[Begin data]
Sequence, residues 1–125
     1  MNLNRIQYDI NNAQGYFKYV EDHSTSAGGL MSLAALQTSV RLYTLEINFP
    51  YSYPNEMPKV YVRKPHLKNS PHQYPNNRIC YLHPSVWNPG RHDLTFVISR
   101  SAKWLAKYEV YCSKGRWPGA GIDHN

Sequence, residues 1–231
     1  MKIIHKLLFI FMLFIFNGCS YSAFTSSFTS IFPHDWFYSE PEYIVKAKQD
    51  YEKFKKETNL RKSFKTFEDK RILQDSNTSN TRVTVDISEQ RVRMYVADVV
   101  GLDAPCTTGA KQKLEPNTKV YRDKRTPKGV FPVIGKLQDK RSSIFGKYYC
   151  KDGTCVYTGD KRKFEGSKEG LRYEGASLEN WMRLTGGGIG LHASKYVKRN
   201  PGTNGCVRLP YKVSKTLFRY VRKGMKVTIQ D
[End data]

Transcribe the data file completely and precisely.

Sequence, residues 1–125
     1  MNLNRIQYDI NNAQGYFKYV EDHSTSAGGL MSLAALQTSV RLYTLEINFP
    51  YSYPNEMPKV YVRKPHLKNS PHQYPNNRIC YLHPSVWNPG RHDLTFVISR
   101  SAKWLAKYEV YCSKGRWPGA GIDHN

Sequence, residues 1–231
     1  MKIIHKLLFI FMLFIFNGCS YSAFTSSFTS IFPHDWFYSE PEYIVKAKQD
    51  YEKFKKETNL RKSFKTFEDK RILQDSNTSN TRVTVDISEQ RVRMYVADVV
   101  GLDAPCTTGA KQKLEPNTKV YRDKRTPKGV FPVIGKLQDK RSSIFGKYYC
   151  KDGTCVYTGD KRKFEGSKEG LRYEGASLEN WMRLTGGGIG LHASKYVKRN
   201  PGTNGCVRLP YKVSKTLFRY VRKGMKVTIQ D